2. Knowledge of the Arrest: The person charged must have been aware, or it must have been reasonably apparent, that a law enforcement officer was attempting to make or was making an arrest. This awareness is crucial for establishing that the individual knowingly resisted.
  3. Intentional Resistance, Obstruction, or Opposition: The defendant intentionally engaged in actions to resist, obstruct, or oppose the arrest. This could include physical acts, such as struggling or fleeing, or nonphysical acts, like refusing to follow commands.
  4. Manner of Resistance: The specific way in which the defendant resisted arrest is important, as it affects the nature of the charges and potential penalties. The prosecution must clarify whether the resistance was passive, such as a nonviolent act or failure to act, or active, involving physical force or threats.
  5. Officer’s Status: It must be proven that the individual attempting the arrest was indeed a law enforcement officer and was acting within their official duties during the incident. The officer’s identity and role must be clear and undisputed.

 If the prosecution cannot prove even one element beyond a reasonable doubt, it may be possible to achieve a favorable outcome.Consulting with a criminal defense attorney can provide invaluable guidance and help in challenging the prosecution’s case based on these elements.

man resisting arrest by fleeing the scene of the crime

Charged With Resisting Arrest 

Facing charges for resisting arrest in Arizona can lead to serious consequences and requires a thorough understanding of the legal implications. The charges can vary significantly based on the circumstances surrounding the incident, including whether the accused is charged with a misdemeanor or a felony.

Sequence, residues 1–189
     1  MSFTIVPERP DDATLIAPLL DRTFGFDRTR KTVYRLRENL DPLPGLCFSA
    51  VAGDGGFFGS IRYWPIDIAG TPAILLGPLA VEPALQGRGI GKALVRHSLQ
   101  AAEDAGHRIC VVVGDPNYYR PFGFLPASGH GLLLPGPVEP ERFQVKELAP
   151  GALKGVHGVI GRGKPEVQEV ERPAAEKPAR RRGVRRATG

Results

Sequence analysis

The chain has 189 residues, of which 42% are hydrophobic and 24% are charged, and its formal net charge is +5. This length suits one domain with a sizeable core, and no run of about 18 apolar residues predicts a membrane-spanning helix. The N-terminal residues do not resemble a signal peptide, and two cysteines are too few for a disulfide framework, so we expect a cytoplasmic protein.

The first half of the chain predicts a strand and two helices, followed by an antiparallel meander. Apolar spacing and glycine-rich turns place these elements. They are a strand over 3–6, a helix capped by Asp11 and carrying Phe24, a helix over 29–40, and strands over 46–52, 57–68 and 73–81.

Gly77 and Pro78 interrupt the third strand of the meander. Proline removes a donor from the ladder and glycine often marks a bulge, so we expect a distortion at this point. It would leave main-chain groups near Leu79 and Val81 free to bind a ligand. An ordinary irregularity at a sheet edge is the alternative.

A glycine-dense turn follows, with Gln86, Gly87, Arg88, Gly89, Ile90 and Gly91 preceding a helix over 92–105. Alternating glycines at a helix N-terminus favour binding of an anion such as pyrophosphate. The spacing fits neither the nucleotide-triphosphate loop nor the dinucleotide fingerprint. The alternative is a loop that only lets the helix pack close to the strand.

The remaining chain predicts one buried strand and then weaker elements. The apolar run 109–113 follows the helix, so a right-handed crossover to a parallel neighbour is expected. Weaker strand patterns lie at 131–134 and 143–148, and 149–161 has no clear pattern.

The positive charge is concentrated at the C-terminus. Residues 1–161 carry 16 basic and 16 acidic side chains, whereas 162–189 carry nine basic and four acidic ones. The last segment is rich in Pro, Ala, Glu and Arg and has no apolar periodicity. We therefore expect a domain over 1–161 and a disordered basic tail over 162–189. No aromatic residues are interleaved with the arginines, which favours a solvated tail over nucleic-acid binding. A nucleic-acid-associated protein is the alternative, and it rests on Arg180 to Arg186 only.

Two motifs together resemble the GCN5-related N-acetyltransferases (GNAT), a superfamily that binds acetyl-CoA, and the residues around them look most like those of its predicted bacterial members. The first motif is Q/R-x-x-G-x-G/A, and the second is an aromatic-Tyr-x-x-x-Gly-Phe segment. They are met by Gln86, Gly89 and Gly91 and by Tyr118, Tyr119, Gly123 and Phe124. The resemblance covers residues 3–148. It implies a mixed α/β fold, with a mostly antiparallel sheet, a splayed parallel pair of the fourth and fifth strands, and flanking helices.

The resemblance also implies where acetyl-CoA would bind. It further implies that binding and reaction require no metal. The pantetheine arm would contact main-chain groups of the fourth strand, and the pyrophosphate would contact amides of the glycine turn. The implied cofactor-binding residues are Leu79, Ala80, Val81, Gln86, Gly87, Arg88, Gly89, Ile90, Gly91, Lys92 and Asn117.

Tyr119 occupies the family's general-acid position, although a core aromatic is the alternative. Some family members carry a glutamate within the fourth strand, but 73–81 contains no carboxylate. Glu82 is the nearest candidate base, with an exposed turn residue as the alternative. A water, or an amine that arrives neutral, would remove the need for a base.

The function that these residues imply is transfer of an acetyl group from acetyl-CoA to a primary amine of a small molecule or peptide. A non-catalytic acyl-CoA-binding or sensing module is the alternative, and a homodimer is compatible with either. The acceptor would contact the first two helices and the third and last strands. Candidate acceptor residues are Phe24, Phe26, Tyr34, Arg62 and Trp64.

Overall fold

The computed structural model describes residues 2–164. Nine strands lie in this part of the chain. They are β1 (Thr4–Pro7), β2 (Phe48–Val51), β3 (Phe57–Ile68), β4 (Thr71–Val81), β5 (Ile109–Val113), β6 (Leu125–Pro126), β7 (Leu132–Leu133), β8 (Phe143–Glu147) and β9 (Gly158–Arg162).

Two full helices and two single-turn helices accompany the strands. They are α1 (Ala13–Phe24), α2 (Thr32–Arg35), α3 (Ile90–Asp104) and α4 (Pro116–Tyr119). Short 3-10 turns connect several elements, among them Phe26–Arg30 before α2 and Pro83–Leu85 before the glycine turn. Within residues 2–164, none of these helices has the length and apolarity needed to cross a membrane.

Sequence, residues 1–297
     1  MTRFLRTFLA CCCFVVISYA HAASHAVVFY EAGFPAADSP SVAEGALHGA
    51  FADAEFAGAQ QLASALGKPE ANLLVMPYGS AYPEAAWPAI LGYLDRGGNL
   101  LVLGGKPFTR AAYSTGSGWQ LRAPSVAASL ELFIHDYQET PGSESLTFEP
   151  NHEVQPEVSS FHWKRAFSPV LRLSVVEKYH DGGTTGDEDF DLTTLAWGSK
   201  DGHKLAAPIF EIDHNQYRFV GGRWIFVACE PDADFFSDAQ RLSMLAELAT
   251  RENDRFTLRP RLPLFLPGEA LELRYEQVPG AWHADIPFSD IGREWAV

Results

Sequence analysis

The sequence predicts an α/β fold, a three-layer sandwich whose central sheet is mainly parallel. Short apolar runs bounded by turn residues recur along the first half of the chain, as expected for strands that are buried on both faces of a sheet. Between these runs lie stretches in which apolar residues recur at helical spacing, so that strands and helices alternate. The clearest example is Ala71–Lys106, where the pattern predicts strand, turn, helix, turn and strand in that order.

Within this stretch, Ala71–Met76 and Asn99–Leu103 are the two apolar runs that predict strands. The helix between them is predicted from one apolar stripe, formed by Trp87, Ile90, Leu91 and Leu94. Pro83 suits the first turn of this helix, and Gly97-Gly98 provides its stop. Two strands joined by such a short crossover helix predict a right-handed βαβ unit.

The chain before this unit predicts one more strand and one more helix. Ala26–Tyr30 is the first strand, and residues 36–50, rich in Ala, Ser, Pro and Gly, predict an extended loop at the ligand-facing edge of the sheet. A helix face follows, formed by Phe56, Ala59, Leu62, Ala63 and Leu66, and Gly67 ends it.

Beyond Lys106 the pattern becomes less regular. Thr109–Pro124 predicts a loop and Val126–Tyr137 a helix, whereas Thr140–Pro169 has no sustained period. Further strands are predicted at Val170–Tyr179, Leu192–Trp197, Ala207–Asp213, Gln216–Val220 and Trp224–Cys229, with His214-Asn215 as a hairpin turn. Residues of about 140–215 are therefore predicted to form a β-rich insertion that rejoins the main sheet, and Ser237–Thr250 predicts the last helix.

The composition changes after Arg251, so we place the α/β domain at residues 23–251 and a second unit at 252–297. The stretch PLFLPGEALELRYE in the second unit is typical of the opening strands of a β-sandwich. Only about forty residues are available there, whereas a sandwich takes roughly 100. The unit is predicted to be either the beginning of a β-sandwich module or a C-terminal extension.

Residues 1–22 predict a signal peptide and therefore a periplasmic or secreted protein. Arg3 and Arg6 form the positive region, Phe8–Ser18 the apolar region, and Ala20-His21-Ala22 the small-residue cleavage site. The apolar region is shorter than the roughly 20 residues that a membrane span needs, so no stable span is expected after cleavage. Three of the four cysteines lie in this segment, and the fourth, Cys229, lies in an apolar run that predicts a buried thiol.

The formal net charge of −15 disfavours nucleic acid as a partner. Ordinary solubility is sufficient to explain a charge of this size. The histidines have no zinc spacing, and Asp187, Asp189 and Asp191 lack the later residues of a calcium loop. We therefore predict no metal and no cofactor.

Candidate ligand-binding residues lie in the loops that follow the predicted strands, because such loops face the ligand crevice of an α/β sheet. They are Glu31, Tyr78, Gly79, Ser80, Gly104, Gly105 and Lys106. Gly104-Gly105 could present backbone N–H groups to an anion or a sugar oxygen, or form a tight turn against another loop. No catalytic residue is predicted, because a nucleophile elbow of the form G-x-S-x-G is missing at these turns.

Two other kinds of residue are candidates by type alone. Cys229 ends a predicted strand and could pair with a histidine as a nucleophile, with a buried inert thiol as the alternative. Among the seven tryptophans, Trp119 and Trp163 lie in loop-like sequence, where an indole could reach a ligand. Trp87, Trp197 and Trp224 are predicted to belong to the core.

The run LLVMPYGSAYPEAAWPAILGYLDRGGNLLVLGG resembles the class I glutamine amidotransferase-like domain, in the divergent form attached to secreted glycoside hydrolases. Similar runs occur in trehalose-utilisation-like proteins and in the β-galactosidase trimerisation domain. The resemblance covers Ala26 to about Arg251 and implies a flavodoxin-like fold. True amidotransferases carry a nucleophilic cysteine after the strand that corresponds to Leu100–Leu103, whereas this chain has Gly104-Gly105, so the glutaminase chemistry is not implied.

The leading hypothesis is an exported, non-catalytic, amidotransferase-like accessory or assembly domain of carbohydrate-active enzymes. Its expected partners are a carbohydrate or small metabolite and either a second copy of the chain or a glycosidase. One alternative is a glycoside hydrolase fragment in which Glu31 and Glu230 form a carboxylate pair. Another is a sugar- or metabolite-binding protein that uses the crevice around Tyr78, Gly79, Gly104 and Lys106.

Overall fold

Misdemeanor Charges 

Misdemeanor charges for resisting arrest typically result from instances where the individual’s actions are deemed to obstruct or delay a peace officer but do not rise to the level of physical aggression or use of a deadly weapon. Under Arizona law, this might include scenarios such as non-violent physical resistance or fleeing from an officer without posing a direct threat of violence.

Misdemeanor resisting arrest charges are usually classified under ARS 13-2508 as a class 1 misdemeanor, which is the most serious misdemeanor classification in Arizona.

The potential penalties for a class 1 misdemeanor may include up to six months in jail, up to three years of probation, and fines up to $2,500 plus additional surcharges. The exact penalties can vary based on the judge’s discretion, the specifics of the incident, and the defendant’s criminal history.

Felony Charges 

Felony charges for resisting arrest under Arizona law, particularly under ARS 13-2508, are serious and carry significant legal repercussions. According to the statute, a violation of subsections 1 and 2 — which include using or threatening to use physical force against another, or using any other means creating a substantial risk of causing physical injury to another while resisting arrest — is classified as a class 6 felony.

Class 6 felonies are considered the least severe category of felonies in Arizona, but they still entail substantial penalties.

For individuals convicted of a class 6 felony, the potential consequences can include one year of imprisonment for a first-time offender, with longer sentences possible for those with a prior criminal record. Additionally, convictions can lead to fines, probation, community service, and the loss of certain civil rights, such as the ability to vote or possess firearms.

Defense Strategies 

Crafting a defense against charges of resisting arrest requires a thorough understanding of the law and a detailed examination of the facts surrounding the case. Here are several strategies that may be employed:

  1. Unlawful Arrest: One common defense is arguing that the arrest was unlawful or not based on probable cause. If it can be demonstrated that the law enforcement officer did not have the right to make the arrest, then resisting such an arrest may not constitute a violation under ARS 13-2508.